Dead zones in mountainous regions or street canyons were part of everyday life. This obviously led to complaints: “It is probably no secret that Natel car phone systems are far from satisfactory. Unfortunately, I have come to the conclusion that I have poured 11,000 francs per device plus charges down the drain” wrote an unhappy customer to the PTT just a few months after the network was launched.
Early advertising therefore targeted business people, who were on the road a lot and for whom time was at a premium: managers, tradespeople, small business owners. The advertisements were usually directed at men. One notable exception, at least, was a bouncy rhyme directed at the modern woman. She drove a Volkswagen Golf: “This is Claudia von Arx, journalist. She delivers with speed the news for you to read.” Claudia von Arx can be seen nonchalantly using her phone while driving. This was a popular advertising motif and using the phone while driving was not in fact prohibited in the early days of mobile telephony. Nevertheless, from as early as 1979, the PTT was already advising its customers to pay attention to the road and not to make calls while driving. However, automatic fines for using a phone without hands-free equipment were not introduced until 1996. Before that, the police had to actually press charges. The Federal Supreme Court eventually added the writing of text messages to the list of gross traffic violations in 2009. This now carries a sentence of up to three years in prison or a hefty fine.
The Natel A was subsequently replaced by Natel B and later by Natel C, both analogue systems. Every time a new system was introduced, the old one was still operational for a certain period of time. The digital Natel D system was launched in 1992. It was based on the European GSM system. The devices quickly became more compact and affordable and were generally no longer produced in Switzerland. Thanks to the lower costs of the phones and subscriptions, mobile telephony was able to establish itself as part of everyday life. Another aspect that contributed to its success was the introduction in 1995 of SMS technology. More and more, phone calls were replaced by the 160 characters of a short message. From the turn of the millennium onwards, landline telephony began to be impacted by mobile technology. In 2002, Swiss mobile phone subscriptions outnumbered landlines for the first time. And since 2007, Switzerland’s mobile phone subscriptions have even exceeded population numbers. That same year Apple introduced its iPhone and started a trend towards the dispensing of buttons in favour of smartphones with touchscreens. Thanks to apps that can be purchased separately, the mobile phone has become a multifunctional device. Telephone, Internet browser, social networking device, Walkman, timetable, camera, diary, torch and compass now all fit into the same device that we can carry around in our back pockets.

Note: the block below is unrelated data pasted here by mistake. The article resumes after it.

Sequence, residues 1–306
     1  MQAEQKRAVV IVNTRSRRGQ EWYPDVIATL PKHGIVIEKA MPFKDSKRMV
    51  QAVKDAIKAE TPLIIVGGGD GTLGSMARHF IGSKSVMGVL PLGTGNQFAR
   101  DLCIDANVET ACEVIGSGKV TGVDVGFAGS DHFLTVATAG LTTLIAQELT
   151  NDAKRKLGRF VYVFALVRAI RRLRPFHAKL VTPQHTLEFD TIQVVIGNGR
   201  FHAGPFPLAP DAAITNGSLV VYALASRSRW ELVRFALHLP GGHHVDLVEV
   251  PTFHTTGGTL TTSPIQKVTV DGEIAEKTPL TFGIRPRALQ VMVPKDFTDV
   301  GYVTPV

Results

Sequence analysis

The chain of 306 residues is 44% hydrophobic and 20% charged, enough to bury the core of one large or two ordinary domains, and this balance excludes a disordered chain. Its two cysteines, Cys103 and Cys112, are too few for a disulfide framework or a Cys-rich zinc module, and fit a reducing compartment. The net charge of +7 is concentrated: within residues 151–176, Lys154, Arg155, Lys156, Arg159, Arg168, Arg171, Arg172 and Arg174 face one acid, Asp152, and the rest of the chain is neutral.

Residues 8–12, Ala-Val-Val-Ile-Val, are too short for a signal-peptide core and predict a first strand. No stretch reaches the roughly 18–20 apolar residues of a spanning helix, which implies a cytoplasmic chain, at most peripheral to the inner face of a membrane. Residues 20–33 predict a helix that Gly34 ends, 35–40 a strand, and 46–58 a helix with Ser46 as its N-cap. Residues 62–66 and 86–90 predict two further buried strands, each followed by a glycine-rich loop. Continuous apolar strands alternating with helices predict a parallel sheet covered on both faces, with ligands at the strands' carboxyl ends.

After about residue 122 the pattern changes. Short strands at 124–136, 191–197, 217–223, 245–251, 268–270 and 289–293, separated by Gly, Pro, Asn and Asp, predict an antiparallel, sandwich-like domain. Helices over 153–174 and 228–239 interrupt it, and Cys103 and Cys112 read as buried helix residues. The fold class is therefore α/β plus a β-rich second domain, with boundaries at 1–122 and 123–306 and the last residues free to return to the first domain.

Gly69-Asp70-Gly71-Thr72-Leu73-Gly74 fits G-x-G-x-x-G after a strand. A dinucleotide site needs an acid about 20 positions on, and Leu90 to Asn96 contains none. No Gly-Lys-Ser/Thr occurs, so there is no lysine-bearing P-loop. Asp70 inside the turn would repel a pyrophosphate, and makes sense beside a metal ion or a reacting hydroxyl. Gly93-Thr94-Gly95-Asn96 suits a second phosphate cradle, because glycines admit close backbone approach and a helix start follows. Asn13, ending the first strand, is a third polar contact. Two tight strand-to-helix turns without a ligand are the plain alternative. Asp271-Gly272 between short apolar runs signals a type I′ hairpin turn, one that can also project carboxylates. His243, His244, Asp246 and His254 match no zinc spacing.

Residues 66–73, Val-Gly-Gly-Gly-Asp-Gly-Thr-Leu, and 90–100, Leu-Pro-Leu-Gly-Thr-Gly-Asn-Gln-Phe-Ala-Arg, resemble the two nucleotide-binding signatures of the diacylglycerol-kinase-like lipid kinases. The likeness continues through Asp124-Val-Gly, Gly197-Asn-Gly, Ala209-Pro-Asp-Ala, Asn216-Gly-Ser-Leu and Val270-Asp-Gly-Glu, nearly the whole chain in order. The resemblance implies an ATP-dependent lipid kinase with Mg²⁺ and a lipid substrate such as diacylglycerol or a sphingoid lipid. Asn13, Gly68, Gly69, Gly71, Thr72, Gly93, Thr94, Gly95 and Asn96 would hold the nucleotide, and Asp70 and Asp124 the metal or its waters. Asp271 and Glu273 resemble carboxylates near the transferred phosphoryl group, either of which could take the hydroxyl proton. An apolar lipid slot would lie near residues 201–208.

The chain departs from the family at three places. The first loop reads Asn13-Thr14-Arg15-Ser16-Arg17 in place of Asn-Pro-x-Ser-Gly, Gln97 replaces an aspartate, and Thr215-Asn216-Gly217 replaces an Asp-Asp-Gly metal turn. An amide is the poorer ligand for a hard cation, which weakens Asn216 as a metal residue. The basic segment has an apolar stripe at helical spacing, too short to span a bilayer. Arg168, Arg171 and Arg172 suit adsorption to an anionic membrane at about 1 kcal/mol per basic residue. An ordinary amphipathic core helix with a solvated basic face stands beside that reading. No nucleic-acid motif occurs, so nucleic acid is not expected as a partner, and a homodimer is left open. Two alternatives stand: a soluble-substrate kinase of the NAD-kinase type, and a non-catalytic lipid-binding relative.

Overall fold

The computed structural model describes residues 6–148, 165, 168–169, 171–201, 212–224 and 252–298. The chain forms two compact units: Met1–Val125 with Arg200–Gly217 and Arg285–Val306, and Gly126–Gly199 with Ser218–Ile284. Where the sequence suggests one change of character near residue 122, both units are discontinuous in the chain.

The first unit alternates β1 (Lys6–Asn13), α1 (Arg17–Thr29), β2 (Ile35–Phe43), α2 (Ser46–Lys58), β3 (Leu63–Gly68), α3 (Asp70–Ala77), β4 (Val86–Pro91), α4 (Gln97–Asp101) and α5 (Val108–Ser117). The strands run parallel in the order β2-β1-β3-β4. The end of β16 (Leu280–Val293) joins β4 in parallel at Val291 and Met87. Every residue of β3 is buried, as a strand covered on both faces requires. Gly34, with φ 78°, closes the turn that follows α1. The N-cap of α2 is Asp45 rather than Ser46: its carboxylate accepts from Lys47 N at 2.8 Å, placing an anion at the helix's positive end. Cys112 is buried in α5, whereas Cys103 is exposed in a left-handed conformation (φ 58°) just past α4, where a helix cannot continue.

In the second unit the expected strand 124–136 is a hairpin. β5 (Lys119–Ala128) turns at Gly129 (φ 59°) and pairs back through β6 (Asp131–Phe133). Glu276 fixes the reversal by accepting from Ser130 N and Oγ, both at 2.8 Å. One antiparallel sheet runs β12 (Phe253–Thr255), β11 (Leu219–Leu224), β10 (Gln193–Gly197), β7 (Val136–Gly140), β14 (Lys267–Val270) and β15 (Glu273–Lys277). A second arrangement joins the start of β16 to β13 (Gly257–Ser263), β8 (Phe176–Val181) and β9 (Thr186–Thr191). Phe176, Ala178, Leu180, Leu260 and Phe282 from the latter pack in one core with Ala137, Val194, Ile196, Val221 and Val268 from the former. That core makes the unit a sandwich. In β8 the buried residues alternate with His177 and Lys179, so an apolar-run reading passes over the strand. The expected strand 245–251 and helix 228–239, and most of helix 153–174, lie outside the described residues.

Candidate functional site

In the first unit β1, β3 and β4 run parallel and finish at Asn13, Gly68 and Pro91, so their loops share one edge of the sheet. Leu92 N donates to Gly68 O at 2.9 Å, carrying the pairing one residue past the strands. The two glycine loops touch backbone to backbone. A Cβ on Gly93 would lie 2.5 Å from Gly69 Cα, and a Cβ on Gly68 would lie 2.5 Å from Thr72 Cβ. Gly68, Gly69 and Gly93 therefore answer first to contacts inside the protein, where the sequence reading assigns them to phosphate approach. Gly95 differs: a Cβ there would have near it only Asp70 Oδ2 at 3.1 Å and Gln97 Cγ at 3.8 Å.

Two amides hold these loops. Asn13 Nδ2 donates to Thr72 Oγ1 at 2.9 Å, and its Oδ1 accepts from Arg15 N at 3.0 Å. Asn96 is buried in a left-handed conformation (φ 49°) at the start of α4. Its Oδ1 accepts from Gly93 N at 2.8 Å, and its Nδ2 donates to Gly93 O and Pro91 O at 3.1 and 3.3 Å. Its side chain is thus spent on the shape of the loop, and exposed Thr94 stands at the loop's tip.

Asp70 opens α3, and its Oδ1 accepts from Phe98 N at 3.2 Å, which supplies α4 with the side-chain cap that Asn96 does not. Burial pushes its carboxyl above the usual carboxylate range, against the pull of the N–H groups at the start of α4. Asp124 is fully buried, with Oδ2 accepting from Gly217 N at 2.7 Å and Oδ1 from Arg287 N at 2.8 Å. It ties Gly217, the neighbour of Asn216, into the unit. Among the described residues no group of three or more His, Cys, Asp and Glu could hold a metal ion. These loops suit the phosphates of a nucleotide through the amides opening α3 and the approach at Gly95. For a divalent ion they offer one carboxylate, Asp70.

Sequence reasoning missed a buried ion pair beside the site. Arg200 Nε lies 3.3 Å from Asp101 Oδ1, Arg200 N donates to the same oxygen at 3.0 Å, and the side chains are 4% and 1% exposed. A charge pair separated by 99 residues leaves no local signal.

What remained constant for a long time was the name, Natel. Used and understood in all four national languages, the term was even trademarked by Swisscom when the PTT lost its mobile phone monopoly in 1999. In 2017, however, Swisscom decided to drop the word ‘Natel’ and it is now no longer used for its mobile phone packages. How long the Helvetism survives in everyday parlance remains to be seen...
For further reading:
- Museum für Kommunikation (ed.): Telemagie. 150 Jahre Telekommunikation in der Schweiz. Bern 2002, pp. 170-197.
Dr. phil. Juri Jaquemet
curator of the information and communication technology collection
Museum of Communication, Bern